Inspection² has been using Artificial Intelligence since 2015 to perform condition assessments and analyse industrial assets for defects and anomalies across the Oil & Gas, Telecommunication and Transmission and Distribution sectors.

We have developed our proprietary AI methods, supporting software applications and AI accelerators/plugins. The aim of these was to speed up the development of AI, overcome some of the inherent problems associated with AI and address real-world scenarios that require a higher level of sophistication.

The case studies in this series “AI in Action” cover our AI approach and solution that enable us to overcome some of the limitations of AI on challenging real-world problems and complex industrial assets.

AI challenge: Data scarcity

Artificial Intelligence is powerful and has brought considerable benefits to businesses and economies by contributing to productivity growth and innovation. It is not without drawbacks.

The deployment of an AI system begins with defining the problem to be solved, collecting the data, labelling the images and creating the AI DNNs (Deep Neural Networks, namely, Convolutional Neural Networks), training the system, and then deploying it.

The dataset used to train the AI system is a core element, crucial to delivering the full value of AI. The better the training data is, the better the AI DNN performs.

So how many images do you need to train the AI?

The short answer is that it can range from several thousand to millions of images, depending upon the complexity of the problem sets.

As an example, it is easier to get decent accuracy from a DNN to identify everyday objects (e.g. people, cars, birds, lamp posts, etc.) than a specific disease from a CT scan since there are fewer data available on the latter.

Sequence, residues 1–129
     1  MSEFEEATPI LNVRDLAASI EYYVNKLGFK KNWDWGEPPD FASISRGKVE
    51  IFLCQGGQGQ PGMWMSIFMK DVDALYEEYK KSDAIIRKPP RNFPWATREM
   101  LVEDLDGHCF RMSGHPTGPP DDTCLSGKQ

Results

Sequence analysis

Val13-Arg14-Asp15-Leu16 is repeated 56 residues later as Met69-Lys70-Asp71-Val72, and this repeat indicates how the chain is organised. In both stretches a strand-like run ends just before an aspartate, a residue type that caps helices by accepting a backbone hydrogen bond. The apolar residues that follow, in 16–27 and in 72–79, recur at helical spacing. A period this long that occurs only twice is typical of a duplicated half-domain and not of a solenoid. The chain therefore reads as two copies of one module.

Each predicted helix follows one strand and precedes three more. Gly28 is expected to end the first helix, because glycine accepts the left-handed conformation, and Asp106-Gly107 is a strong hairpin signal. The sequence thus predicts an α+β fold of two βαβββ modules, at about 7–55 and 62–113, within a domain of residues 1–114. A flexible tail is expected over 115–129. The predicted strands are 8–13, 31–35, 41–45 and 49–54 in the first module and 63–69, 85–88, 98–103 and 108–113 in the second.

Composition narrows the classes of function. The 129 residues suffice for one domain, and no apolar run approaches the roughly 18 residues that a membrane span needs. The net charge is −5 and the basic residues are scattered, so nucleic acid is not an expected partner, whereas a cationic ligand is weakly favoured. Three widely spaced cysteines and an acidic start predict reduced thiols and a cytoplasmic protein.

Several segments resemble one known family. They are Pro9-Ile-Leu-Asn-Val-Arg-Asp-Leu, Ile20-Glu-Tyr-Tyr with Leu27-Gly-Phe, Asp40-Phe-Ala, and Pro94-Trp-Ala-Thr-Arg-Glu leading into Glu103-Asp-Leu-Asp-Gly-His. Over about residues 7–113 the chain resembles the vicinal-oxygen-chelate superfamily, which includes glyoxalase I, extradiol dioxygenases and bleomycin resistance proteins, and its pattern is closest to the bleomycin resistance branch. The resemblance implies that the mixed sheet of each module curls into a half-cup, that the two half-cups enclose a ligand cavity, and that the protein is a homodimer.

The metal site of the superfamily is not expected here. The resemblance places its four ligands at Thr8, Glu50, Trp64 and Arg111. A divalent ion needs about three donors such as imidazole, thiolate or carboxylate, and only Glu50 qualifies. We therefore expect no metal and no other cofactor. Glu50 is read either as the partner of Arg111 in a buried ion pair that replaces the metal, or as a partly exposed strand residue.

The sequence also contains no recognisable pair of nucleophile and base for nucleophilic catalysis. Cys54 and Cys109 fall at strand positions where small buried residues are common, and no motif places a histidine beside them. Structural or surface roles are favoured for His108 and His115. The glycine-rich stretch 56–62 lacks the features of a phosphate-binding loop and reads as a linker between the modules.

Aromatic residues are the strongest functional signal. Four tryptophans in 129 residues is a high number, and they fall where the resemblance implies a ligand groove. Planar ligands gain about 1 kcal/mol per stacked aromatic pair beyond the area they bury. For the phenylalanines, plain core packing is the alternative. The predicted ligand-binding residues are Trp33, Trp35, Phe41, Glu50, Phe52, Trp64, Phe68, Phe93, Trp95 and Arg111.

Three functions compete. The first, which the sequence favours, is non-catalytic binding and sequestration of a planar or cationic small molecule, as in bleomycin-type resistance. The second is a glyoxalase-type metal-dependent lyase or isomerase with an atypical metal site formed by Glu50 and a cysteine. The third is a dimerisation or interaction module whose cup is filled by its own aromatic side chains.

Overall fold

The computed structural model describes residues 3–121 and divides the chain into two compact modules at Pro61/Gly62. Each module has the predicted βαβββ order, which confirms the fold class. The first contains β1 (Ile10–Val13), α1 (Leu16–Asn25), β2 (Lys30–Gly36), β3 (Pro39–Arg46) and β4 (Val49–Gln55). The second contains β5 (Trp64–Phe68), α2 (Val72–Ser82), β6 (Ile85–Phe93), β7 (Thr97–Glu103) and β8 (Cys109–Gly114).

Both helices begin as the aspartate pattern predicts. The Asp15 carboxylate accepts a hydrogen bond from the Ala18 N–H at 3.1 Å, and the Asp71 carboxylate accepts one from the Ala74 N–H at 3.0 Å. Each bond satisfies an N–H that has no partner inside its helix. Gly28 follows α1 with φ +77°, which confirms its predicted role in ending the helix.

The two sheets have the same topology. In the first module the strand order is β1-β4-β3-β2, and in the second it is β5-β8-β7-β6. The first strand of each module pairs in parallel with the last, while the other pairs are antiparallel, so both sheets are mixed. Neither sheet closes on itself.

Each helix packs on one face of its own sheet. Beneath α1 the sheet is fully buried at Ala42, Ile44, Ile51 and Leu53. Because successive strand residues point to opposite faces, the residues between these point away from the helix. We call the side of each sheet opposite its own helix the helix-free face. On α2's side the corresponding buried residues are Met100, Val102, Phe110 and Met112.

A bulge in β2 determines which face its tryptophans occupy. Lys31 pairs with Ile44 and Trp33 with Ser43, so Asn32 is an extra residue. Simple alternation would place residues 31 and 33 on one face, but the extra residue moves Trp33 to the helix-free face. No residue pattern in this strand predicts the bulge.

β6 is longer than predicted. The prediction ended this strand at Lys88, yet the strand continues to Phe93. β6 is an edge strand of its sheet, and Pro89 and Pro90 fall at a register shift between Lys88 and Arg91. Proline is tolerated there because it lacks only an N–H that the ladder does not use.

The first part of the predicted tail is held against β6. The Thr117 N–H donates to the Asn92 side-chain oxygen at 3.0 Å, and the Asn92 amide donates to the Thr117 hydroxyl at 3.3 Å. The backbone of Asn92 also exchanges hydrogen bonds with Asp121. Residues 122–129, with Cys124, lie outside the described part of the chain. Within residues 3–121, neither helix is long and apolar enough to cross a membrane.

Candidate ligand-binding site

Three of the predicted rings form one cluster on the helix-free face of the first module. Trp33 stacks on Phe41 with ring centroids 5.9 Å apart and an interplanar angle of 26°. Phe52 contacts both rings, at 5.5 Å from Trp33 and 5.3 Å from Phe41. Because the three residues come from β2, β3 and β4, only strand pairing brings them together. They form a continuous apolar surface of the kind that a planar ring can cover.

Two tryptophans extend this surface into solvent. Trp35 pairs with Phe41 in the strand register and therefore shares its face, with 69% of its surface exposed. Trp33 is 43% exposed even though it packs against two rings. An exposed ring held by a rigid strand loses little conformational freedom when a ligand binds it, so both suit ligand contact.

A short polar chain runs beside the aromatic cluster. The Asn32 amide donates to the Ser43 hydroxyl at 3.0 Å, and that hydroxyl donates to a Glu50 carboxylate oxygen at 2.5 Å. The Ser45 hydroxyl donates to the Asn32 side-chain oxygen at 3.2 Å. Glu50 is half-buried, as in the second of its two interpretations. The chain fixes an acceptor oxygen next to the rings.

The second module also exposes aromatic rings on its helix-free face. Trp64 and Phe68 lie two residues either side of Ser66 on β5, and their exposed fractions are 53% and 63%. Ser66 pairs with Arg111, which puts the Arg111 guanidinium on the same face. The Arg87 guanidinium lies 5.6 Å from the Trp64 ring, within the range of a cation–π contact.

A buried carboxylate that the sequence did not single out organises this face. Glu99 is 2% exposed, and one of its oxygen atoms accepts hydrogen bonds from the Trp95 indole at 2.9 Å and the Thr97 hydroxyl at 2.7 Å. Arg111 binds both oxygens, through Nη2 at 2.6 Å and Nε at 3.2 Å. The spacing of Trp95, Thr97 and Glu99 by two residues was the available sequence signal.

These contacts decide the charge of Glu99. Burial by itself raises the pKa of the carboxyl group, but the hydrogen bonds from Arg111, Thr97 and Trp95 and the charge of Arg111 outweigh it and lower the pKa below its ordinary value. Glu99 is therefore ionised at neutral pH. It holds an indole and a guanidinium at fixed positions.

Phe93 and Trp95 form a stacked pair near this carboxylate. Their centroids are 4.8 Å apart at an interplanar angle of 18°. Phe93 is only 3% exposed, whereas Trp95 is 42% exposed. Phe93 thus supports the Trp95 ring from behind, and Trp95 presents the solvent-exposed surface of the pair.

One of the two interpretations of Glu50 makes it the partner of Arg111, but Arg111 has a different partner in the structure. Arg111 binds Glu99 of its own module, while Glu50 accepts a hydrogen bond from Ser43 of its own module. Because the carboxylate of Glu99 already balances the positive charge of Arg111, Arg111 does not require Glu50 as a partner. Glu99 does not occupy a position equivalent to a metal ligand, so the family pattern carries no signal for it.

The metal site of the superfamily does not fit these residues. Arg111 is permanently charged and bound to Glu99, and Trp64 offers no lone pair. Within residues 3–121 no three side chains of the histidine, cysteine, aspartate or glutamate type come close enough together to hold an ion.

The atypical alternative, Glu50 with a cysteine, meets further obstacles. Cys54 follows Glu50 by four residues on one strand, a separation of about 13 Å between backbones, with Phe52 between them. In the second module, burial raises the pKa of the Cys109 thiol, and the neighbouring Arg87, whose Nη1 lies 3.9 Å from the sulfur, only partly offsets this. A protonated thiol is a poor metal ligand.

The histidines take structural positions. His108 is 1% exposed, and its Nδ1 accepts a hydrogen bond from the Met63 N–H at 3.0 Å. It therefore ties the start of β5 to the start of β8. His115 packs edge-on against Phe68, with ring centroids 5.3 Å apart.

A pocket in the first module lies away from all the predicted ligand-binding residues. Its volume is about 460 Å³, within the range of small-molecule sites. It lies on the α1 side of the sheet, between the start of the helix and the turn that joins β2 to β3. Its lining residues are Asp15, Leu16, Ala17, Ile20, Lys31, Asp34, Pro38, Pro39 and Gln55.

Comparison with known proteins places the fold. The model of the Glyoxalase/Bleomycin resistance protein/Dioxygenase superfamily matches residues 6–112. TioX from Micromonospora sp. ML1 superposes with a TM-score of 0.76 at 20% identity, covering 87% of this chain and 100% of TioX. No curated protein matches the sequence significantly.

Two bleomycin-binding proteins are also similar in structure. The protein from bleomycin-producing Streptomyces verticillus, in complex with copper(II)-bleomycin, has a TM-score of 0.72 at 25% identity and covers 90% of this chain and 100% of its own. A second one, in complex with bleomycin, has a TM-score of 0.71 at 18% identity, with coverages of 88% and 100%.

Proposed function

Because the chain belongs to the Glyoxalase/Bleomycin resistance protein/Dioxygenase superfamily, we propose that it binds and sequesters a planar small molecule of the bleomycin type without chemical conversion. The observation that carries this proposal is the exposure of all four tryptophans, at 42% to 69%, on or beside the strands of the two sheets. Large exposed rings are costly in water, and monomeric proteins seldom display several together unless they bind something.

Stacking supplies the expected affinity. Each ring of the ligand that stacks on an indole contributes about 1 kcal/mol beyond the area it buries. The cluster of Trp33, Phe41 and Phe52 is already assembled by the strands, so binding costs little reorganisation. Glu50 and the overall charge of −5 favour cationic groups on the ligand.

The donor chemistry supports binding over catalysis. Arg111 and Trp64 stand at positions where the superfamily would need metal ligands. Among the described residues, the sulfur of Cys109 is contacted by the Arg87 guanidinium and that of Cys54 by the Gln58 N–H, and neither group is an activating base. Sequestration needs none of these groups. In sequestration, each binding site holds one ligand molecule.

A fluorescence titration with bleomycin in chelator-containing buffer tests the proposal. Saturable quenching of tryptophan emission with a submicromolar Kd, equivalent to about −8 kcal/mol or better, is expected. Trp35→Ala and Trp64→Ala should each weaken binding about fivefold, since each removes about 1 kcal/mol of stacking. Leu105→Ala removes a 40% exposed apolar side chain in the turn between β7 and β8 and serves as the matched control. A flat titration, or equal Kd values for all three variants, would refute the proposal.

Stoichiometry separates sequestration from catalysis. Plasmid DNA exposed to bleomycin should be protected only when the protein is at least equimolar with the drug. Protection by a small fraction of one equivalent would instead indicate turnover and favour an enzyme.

When it comes to industrial assets, quality images are scarce and difficult to gather and collate. The more complex or sophisticated the object, the more images you will need. To identify anomalies and defects, which are even rarer in any image set, you must examine a greater number of images. Moreover, industrial assets, which are often mission-critical, require a higher level of AI accuracy, thus requiring even more images.

These have been a common problem with global customers that we have worked with in the last 5 years. 

As a solution to this problem, we have developed deep learning systems that are more efficient and work with fewer data.

Real-world application: Detection of anomalies on Medium Voltage infrastructure

During the last few weeks, we have been working on an AI solution with a major power utility customer to identify and map high-risk structures, thus increasing productivity and improving grid management.

In this custom AI development project, Inspection2 AI software is used to analyse data captured during medium and high voltage structures inspection to detect over 30 different types of anomalies.

Use Case 1: Cotter Pin Detection

The customer wants to automatically assess the condition of lightning conductors on electrical pylons. The inspection included the condition of the lightning conductor, the presence of nuts and bolts, and the cotter pin that holds the nuts and bolts together.